When I decided to write this post, I thought it would be interesting to see what others have written about the practice of daily huddle meetings. Wow! There are a lot of ideas out there about what should happen during a huddle. It took me a minute to realize that not every organization gears its huddle toward continuous improvement. Some use the huddles for team building, status updates, training, or even employee performance evaluation.
That’s all fine, of course, folks can use their huddle for whatever they like, but if your goal is to use your daily huddle as part of a continuous improvement initiative, there are some warning signs that all is not well. In the context of improvement, the goal of the daily huddle is to agree on the priorities for the day. That seems simple enough, but it’s not as easy as it sounds. Here are a few of the problems that can come up and how to tackle them.
The conversation is about the past
Huddle meetings are held daily because they are focused on what is going to happen over the course of the day. Of course, this discussion requires that folks are up to speed on what has happened in the past, but if you spend your meeting talking about yesterday, today’s priorities don’t take shape. A smart approach is to adopt a digital huddle board that allows team members to make real-time updates as they complete improvement work. That way, everyone can check out the board before the meeting, shift away from status updates, and keep the discussion about yesterday to pressing questions.
The conversation is about the distant future
It seems that sometimes people forget that the daily huddle meeting isn’t the only meeting. It is entirely appropriate to hold meetings to discuss long-term plans or address complex issues, but that is outside the scope of the daily huddle which is about what will happen in the very near term. A good rule of thumb is that if it didn’t happen after the last huddle meeting or won’t happen by the next, the daily huddle probably isn’t the best place to discuss it.
Only a few people speak up
Everyone on the team should be contributing to positive change, so everyone should have something to say about the improvement priorities of the day. It isn’t always easy for people to speak up, so it is the responsibility of the person running the meeting to make sure everyone is heard. Many teams have people take turns running the meeting, which is a helpful way to get more people involved and give everyone a chance to stretch their leadership muscle.
There is disagreement about priorities
Daily huddles are the execution arm of strategy deployment. (Huddles don’t make the strategy; they make the strategy happen.) If there is disagreement about daily priorities, it is likely that your strategy deployment efforts have not hit the mark. When everyone understands the most pressing initiatives of the organization and goals are cascaded from the top-level to the individual, agreeing on priorities is a piece of cake. If it’s a challenge, leaders should revisit how the strategic plan has been communicated.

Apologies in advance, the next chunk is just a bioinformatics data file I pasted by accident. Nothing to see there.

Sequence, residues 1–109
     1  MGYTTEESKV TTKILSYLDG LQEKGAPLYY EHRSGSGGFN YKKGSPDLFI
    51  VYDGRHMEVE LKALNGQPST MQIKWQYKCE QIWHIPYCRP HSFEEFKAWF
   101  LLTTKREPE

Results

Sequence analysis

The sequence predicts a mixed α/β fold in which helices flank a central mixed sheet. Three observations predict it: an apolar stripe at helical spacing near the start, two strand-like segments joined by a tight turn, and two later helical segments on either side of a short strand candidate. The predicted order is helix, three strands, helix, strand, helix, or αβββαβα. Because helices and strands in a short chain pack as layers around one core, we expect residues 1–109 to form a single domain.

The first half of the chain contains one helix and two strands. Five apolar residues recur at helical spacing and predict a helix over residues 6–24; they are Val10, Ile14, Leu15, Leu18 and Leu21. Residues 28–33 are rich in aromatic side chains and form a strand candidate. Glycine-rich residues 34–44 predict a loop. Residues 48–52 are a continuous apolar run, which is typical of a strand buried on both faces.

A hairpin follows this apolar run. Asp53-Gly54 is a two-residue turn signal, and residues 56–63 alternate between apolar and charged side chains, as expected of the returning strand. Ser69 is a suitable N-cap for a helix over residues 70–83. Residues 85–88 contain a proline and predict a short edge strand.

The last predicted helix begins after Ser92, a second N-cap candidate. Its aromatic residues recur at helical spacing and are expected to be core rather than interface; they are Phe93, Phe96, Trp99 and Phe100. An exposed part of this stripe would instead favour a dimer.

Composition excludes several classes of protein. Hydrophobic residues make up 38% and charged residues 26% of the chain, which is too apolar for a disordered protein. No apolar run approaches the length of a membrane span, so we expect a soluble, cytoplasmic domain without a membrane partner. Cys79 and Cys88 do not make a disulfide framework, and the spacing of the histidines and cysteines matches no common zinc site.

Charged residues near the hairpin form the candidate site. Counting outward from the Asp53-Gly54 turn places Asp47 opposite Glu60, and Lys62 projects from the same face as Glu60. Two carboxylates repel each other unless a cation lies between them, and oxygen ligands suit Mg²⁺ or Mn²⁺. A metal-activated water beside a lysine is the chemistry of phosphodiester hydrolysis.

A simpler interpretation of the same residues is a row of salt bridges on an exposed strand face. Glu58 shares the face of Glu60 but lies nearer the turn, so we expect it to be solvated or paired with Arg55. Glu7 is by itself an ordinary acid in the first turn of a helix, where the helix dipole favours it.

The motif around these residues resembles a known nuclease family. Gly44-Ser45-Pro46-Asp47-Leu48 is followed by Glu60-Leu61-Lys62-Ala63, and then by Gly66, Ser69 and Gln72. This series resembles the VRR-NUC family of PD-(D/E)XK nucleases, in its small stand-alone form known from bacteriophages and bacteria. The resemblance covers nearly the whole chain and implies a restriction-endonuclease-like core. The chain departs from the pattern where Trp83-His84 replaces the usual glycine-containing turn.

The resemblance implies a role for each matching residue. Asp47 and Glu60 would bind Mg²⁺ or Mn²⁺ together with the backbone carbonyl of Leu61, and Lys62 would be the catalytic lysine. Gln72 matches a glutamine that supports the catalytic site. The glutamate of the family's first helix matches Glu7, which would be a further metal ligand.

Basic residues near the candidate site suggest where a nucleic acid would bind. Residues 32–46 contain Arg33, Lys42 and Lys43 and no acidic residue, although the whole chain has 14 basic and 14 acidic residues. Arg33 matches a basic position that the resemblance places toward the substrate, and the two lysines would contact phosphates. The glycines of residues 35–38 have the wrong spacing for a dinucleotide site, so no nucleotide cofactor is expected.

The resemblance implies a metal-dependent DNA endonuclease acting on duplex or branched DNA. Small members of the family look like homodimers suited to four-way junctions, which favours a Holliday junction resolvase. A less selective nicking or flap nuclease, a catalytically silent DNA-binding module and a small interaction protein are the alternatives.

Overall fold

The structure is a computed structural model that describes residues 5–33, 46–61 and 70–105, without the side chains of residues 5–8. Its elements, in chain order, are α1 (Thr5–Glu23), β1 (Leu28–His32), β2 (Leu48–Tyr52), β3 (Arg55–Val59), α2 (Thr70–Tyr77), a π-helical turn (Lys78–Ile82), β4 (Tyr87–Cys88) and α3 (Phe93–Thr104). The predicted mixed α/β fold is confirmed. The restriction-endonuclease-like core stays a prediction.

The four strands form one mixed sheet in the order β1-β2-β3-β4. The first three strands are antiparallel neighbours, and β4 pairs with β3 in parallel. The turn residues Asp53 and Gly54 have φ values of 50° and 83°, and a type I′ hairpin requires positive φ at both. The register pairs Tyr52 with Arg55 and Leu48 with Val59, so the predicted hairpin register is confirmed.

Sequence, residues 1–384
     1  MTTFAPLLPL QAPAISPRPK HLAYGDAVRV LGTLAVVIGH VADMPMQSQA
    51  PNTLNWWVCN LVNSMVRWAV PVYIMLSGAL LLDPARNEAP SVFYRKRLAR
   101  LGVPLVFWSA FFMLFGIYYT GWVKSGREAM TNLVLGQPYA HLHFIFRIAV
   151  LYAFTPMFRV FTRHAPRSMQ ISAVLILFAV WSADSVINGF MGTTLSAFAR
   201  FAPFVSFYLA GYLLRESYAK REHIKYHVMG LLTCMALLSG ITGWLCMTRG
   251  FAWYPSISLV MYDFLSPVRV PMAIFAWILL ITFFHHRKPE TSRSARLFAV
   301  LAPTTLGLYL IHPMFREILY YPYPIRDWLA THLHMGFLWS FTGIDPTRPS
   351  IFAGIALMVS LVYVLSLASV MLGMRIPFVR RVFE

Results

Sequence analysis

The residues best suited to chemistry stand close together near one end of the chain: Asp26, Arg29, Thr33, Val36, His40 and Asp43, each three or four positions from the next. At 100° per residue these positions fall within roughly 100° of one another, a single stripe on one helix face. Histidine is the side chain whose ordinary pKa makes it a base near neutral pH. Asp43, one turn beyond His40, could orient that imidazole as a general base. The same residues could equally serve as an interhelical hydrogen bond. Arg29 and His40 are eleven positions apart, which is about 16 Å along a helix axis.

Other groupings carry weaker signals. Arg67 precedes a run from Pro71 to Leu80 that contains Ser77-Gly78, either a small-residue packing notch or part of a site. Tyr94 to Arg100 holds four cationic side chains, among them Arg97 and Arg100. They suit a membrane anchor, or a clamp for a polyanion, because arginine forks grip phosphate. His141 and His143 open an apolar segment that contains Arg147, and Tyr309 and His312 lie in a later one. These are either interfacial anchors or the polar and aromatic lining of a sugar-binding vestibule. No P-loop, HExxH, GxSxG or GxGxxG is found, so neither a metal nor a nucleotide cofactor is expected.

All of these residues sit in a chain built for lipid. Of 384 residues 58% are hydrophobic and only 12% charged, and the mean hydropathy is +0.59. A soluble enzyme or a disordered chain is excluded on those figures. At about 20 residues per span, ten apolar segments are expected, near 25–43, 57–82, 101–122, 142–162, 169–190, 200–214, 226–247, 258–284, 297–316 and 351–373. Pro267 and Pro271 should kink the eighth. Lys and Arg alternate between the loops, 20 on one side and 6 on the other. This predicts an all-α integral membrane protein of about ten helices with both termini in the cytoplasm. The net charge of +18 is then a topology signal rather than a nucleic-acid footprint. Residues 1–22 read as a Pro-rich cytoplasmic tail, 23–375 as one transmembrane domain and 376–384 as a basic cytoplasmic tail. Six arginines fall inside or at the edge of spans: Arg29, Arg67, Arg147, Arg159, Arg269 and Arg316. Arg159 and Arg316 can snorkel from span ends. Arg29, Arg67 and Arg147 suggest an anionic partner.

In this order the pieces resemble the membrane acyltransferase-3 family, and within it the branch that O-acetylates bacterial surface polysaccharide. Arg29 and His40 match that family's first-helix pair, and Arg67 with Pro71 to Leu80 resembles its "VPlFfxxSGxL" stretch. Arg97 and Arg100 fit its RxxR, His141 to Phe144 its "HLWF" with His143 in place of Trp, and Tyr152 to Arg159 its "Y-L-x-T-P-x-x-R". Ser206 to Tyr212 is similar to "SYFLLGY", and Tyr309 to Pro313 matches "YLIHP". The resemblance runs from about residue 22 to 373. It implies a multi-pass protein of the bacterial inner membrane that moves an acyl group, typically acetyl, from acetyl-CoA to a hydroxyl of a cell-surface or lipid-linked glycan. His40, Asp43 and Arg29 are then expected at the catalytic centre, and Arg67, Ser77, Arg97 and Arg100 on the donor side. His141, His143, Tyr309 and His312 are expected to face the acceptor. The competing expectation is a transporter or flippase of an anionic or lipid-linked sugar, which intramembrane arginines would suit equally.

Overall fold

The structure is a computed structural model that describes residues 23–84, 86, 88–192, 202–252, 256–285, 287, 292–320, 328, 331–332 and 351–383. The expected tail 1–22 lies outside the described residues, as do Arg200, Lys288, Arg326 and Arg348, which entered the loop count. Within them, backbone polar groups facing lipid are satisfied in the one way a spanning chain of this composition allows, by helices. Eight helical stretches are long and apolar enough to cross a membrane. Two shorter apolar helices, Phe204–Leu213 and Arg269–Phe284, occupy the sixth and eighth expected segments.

People are frequently absent
If people often miss the huddle because they are in another meeting or working on something else, that’s a clear sign that the daily huddle isn’t providing value. Team leaders can legislate people into attendance, but if the meetings are useful enough, that isn’t necessary. If you have team members who can’t physically attend the meeting because they are working from another location or remotely, strongly consider an electronic huddle board so that they can participate from wherever they are.
The huddle drags on forever
The daily huddle should last no more than 15 minutes. If it goes beyond that, most of the conversation is likely to be out of scope. If there is a problem or opportunity that requires more discussion, another meeting should be scheduled to execute a continuous improvement cycle like PDSA or DMAIC. This is important because allowing the meeting to drag on will make it less valuable for employees, it will move the focus from today, and it will lead to people jumping to solutions without fully understanding the root cause of problems. Keeping the time tight will help keep the meeting focused.
Of course you can always take away the chairs, but you knew that already.
If your daily improvement huddle meetings suffer from any of these problems, don’t feel bad. It’s pretty common. Just regroup, remind everyone about the limited purpose of a CI daily huddle, and give it another go.